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60 GHz Wi-Fi Products Now Possible; 7Gbps!

By - Source: Tom's Guide US | B 30 comments

Wi-Fi and WiGi are teaming up to bring three spectrums to consumers, including 7 Gbps transfers.

Monday the Wi-Fi Alliance and the Wireless Gigabit Alliance (WiGig) jointly announced a cooperation agreement that will allow Wi-Fi equipment to access the 60 GHz frequency band, and to provide better speeds in the current 2.4 and 5 GHz bands. Devices that will support all three bandwidths will be able to achieve up to 7 Gbps although the range will most likely be limited to in-room transfers. Still, this is good news for consumers who want to stream Blu-ray movies to a living room HDTV.

"60 GHz device connectivity will be an exciting enhancement to the capabilities of today's Wi-Fi technologies," said Wi-Fi Alliance chief executive officer Edgar Figueroa. "It will expand the utility of Wi-Fi, used by hundreds of millions of people every day. From its inception, the WiGig specification was designed to work on a wide variety of devices, making it a compelling input as we begin to define our certification program for 60 GHz wireless."

In a separate announcement, WiGig said that it published its unified wireless specification for the unlicensed 60 GHz spectrum. It also launched its royalty-free Adopter Program which allow members to develop products that use the spectrum "to deliver multi-gigabit-speed wireless communication." Cisco, Hitachi, Panasonic, and Toshiba have already jumped on board, and may have tri-band products ready by the end of the year.

"With this announcement today, and with our new partnership with the Wi-Fi Alliance, we are one step closer to fulfilling our vision of a unified 60 GHz ecosystem," said Dr. Ali Sadri, WiGig Alliance president and chairman. "We welcome all companies to join with us as we continue to drive the industry forward."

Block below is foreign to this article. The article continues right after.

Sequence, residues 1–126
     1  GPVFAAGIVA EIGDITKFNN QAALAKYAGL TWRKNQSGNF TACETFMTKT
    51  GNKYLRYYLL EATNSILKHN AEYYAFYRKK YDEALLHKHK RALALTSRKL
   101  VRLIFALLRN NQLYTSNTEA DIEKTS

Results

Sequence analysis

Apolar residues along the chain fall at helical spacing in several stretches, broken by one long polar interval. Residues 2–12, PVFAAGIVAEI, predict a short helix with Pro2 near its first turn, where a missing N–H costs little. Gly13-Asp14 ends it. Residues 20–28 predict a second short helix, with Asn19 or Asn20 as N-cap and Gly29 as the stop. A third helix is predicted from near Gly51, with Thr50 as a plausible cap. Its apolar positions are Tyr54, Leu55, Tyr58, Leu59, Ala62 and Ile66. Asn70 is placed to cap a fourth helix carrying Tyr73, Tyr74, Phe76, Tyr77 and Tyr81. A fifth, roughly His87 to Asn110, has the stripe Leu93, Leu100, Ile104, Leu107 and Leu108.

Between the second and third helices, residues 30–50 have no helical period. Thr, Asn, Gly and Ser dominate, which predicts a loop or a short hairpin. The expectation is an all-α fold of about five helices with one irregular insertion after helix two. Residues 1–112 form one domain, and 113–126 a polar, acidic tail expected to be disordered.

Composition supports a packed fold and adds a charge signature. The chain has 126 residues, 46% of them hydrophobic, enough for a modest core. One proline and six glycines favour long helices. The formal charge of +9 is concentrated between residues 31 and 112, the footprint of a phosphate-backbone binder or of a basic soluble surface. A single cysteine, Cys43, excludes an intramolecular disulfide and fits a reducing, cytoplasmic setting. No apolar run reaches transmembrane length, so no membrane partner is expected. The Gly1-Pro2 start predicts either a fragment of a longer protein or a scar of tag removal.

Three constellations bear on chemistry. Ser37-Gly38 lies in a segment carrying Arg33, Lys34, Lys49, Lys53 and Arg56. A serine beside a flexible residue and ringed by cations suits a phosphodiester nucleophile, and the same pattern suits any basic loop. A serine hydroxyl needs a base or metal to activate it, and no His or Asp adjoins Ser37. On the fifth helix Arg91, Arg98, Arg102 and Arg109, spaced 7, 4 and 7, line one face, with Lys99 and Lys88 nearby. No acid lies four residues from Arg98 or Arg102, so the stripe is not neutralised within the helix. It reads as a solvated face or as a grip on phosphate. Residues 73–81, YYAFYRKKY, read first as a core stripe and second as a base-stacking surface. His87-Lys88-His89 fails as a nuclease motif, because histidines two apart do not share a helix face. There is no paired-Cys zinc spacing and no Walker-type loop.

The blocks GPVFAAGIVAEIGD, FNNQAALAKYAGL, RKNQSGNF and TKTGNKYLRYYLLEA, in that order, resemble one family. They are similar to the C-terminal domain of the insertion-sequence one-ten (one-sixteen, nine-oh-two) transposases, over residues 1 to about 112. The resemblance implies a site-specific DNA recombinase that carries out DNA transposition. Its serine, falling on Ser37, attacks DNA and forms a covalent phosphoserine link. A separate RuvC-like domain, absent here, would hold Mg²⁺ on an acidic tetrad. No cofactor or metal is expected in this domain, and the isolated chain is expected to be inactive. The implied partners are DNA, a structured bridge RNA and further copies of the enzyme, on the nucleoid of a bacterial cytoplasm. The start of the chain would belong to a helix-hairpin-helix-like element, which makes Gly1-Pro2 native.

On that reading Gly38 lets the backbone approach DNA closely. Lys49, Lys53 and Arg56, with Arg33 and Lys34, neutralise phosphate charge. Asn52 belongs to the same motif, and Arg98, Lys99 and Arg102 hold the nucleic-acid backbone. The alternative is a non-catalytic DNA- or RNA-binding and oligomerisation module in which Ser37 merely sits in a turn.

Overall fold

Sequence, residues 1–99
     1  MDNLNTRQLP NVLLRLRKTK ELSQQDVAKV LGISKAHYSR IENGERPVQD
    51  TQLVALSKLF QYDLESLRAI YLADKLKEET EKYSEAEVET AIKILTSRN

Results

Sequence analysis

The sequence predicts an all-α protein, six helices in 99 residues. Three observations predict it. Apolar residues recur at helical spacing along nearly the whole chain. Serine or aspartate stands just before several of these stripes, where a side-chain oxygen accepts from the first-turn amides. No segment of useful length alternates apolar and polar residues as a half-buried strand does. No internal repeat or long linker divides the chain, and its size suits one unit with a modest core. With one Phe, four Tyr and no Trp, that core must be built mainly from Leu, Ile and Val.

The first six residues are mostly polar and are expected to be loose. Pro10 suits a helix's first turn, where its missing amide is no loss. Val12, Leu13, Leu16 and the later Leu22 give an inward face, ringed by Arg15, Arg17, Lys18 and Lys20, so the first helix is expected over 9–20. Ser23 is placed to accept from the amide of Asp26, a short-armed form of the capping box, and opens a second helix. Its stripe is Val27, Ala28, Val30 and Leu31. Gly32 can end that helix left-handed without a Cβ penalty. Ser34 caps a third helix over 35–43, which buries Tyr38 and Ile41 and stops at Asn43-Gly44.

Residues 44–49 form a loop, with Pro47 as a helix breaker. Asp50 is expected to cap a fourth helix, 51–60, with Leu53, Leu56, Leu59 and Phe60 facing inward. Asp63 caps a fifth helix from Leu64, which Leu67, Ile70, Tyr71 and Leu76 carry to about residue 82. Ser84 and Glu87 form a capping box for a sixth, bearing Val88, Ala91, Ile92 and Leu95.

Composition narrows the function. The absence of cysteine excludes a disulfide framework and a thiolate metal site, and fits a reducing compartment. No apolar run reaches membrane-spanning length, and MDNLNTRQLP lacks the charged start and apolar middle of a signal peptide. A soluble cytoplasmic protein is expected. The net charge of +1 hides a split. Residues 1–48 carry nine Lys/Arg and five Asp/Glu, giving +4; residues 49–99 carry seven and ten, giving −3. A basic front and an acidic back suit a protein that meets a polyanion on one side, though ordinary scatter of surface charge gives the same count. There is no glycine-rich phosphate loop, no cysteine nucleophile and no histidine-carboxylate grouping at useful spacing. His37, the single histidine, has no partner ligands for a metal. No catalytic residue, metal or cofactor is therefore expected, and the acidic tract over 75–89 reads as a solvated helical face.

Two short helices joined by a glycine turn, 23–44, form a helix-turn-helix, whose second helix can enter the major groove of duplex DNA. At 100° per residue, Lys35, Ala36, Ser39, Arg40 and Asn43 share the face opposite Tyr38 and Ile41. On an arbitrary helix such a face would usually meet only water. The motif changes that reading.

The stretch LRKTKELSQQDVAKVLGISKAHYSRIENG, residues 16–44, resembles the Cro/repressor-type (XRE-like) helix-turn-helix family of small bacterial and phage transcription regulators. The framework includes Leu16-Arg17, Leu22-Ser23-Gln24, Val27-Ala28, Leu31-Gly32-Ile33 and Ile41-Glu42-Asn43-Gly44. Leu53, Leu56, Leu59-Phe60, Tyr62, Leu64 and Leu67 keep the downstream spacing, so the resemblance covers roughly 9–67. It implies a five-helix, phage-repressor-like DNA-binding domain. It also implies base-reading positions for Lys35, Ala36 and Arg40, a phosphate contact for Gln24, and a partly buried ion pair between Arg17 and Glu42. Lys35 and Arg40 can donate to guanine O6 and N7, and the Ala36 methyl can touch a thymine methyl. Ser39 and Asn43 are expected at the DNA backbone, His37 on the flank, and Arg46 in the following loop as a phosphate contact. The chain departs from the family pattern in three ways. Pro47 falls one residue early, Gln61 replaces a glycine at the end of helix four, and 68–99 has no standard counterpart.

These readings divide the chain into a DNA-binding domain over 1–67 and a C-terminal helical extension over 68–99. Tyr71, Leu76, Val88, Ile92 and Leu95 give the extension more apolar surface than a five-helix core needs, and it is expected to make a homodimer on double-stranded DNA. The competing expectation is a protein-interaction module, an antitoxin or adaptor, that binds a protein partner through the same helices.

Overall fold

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  • 17 Hide
    Tindytim , May 10, 2010 11:13 PM
    60 Ghz is fast but rather useless. Very few applications for this make sense (like the example of streaming to a TV in the same room). At 60 Ghz the wavelength is much shorter, hell people moving around the room could block the signal.
Other Comments
  • 5 Hide
    webbwbb , May 10, 2010 11:09 PM
    This is pretty interesting though it does sound like it could have some bad problems as well. This is a semi-high frequency microwave and in the same range that is used for military electric countermeasures. It will also be very prone to interference and will perform very poorly in humid areas and at low altitudes. It would work great in a desert or on a mountain though.
  • 17 Hide
    Tindytim , May 10, 2010 11:13 PM
    60 Ghz is fast but rather useless. Very few applications for this make sense (like the example of streaming to a TV in the same room). At 60 Ghz the wavelength is much shorter, hell people moving around the room could block the signal.
  • 8 Hide
    gwwerner , May 10, 2010 11:29 PM
    With the way WiFi has lived up to its promised speeds so far, I'll believe it when I see it.
  • 8 Hide
    jhansonxi , May 10, 2010 11:55 PM
    I look forward to this becoming a finalized industry standard (in about 15 years based on 802.11n progress).
  • 6 Hide
    Zoonie , May 11, 2010 12:13 AM
    I'd like to see some long term health conduction studies on effects of radiation at this frequency. Could be interesting.
  • 5 Hide
    bogcotton , May 11, 2010 12:16 AM
    twisted politikslol, nobody could even utilize 7gb/s due to the fact that their hdd's can only read at a maximum of 300MB/s, and thats if they splurged on a SSD.


    Not everything you see on your screen is being read directly from your hard drive.

    You could write a 1kb program demanding the videocard to churn out as much information as it can, and you would end up with more than 300MB/s.
  • 5 Hide
    HibyPrime , May 11, 2010 12:48 AM
    twisted politikslol, nobody could even utilize 7gb/s due to the fact that their hdd's can only read at a maximum of 300MB/s, and thats if they splurged on a SSD.


    300MB/s = 2.4Gb/s its not that hard to imagine saturating this...
  • 2 Hide